An Incoherent, Slightly Awed Review: The Slow Regard of Silent Things.

So… I just finished reading this book. It was a small book, but that was right. It told me almost nothing I wanted to know and raised even more questions, but that too was right. This book was a right thing, a proper thing….

Hey, did I or did I not say that this review was going to be incoherent? People who have read the book should know what I was talking about. Which, now that I think on it, sort of defeats the purpose of a review. But, who am I kidding? These aren’t really reviews, they’re a convenient and potentially entertaining excuse for me to rant and rave and gush about books (it’s a full time hobby, I’ll have you know).

Anyway, now that I’ve gotten all the pedantic out, let’s talk about this bright apple seed of a book.

Now, this is a book with many covers so here’s the one all you important folks in the states, sorry, States will recognise.
Taken from

But this isn’t my cover of the book, and to be perfectly honest I vastly prefer my version. Here’s the Uk version (and consequently the Australian version, hence my familiarity with it).
Also via Goodreads

I think it’s pretty obvious by now that I enjoy this book. Notice the present tense, it isn’t that I enjoyed this book. Any book can be a past experience when you turn the final page, but it takes a special kind of book to be present even after the cover has closed. The phrase “will stay with you long after the final page” is the marketing incarnation of this specialness, but it is not always accurate, due to people being the ridiculously, invariably, impossibly subjective creatures they are. So I can’t say that this book will ‘stay with you’ but all I can say is that some books are ice, they might be sharp and clear and they might pierce you to the soul, but they melt right away the instant you turn your back or snuggle up to something warmer. This book is not ice, although some might mistake it for such, no. This book is glass. Glass and copper and a subtle shine at the bottom of the Yellow Twelve (or perhaps Silver Twelve? This is a moonlit book.) This book planted shards of glass, speckles of moonlight and a few pretty pennies in my heart and they are not going anywhere soon.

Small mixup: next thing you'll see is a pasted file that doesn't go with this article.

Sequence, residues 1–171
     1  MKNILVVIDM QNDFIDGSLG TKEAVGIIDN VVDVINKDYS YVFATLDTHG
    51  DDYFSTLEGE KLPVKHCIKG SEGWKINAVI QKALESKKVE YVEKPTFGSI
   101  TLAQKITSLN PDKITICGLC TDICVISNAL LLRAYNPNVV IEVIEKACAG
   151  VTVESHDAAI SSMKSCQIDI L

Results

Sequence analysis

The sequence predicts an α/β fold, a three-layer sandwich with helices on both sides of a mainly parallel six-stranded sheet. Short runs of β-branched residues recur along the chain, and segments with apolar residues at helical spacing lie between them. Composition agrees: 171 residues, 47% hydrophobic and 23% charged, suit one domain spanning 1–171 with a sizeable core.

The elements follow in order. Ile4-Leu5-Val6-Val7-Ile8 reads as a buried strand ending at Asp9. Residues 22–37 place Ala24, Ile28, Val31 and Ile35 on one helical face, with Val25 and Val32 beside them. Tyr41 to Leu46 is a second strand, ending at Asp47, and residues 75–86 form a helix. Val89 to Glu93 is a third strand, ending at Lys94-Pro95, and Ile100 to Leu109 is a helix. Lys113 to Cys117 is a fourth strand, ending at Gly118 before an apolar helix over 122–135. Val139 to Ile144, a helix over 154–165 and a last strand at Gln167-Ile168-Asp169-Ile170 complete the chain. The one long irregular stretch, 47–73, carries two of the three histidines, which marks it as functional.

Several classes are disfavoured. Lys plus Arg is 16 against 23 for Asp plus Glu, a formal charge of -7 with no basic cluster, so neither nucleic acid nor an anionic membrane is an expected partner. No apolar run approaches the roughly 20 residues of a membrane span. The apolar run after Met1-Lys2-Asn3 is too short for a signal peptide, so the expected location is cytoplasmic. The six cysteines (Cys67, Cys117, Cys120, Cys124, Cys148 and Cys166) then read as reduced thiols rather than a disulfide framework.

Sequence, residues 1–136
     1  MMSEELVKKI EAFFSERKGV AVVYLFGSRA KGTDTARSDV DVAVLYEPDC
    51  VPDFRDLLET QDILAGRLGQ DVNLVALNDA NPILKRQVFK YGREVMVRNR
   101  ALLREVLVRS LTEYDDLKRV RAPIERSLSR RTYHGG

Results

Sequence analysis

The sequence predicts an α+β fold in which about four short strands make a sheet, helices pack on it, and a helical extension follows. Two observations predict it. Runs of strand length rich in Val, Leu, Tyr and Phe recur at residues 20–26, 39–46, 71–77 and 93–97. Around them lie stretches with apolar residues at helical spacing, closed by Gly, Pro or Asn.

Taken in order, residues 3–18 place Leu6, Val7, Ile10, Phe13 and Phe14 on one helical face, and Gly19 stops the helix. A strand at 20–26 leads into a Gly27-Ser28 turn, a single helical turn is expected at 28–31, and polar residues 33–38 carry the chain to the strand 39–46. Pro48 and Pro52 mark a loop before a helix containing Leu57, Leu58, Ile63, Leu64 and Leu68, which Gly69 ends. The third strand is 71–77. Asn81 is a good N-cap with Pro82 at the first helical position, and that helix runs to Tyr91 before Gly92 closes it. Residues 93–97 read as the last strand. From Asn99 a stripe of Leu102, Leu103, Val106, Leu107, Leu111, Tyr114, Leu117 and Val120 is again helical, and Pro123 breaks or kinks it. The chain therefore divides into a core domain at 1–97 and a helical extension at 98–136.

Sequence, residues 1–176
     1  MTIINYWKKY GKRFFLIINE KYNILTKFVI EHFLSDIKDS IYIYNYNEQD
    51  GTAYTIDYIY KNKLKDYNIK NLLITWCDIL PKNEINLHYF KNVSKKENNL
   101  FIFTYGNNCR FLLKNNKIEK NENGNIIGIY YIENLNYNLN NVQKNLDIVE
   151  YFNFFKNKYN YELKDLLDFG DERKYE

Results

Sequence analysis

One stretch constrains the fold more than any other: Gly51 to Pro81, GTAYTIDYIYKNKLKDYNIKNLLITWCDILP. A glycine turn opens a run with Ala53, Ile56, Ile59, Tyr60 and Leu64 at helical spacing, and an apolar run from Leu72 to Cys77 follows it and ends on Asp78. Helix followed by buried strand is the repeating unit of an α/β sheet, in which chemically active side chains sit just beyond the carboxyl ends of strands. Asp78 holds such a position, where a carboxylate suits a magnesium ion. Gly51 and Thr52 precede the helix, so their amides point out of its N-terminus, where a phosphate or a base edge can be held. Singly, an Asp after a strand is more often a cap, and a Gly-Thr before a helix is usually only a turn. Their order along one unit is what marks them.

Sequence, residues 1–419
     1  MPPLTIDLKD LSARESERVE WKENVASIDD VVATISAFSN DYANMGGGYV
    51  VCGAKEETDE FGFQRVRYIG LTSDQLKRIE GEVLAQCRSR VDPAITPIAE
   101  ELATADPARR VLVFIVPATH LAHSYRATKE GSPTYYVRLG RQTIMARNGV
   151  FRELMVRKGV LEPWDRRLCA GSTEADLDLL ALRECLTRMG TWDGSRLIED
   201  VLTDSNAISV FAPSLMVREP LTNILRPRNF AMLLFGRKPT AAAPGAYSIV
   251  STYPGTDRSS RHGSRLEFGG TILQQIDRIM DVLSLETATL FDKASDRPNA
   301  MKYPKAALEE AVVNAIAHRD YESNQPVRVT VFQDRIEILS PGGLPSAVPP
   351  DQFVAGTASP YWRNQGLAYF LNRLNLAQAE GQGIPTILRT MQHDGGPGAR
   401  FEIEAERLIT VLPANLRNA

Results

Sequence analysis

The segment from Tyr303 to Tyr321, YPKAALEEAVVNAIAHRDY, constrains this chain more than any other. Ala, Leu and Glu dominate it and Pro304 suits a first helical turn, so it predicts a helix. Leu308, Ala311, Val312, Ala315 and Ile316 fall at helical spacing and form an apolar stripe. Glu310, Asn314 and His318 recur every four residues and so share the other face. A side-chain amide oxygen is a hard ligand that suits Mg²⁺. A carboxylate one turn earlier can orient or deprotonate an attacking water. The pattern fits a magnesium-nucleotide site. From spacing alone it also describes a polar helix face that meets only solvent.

Now, before you continue reading this and become as enamoured with this teardrop story as I am, I must issue a warning: THIS BOOK IS A LOCK. TWO KEYS SHALL OPEN IT. ONE IS CALLED ‘THE NAME OF THE WIND’, THE OTHER, ‘THE WISE MAN’S FEAR’. SEEK THEE OUT THESE KEYS AND THE LOCK WILL OPEN ADMITTING YOU TO THE WONDER BEYOND…. possibly. Some people out there will find it immensely boring. These people will probably also find this post to be nonsense. Eh, it’s no real skin off my back, as my main deal with people who dissagree with me is “don’t attack me for not agreeing with you and I won’t attack you for not agreeing with me, deal?” Then we shake hands and everything, mostly, remains civil (warning: disagreement deal may not apply to all issues or persons, always read the label, if symptoms persist consult your local Cthaeh… just kidding DON’T! I’m not messing with stuff that can scare Bast. Anyway…) But I digress, don’t look so surprised, the main point of this article is to tell you to read The Name of The Wind, and The Wise Man’s Fear, that’s the only way you’ll even remotely understand what these pages mean.

Oh, would you look at that, almost half way through the review and I have yet to even mention the author of all three of these fine books. You see There are some things you expect a review to do… and this one will probably not do most of them. Patrick Rothfuss is his name. Google is your bestest friend with this guy, you wont regret it. I also steal at least forty percent of my quotes, phrases and general smartness from him (well, if he doesn’t want to be quoted, then why does he speak?). Anyway, google is literally less than an inch away from your finger. Look up Name of the Wind, and Wise Man’s Fear, read both of them and then come back here. We’ll wait.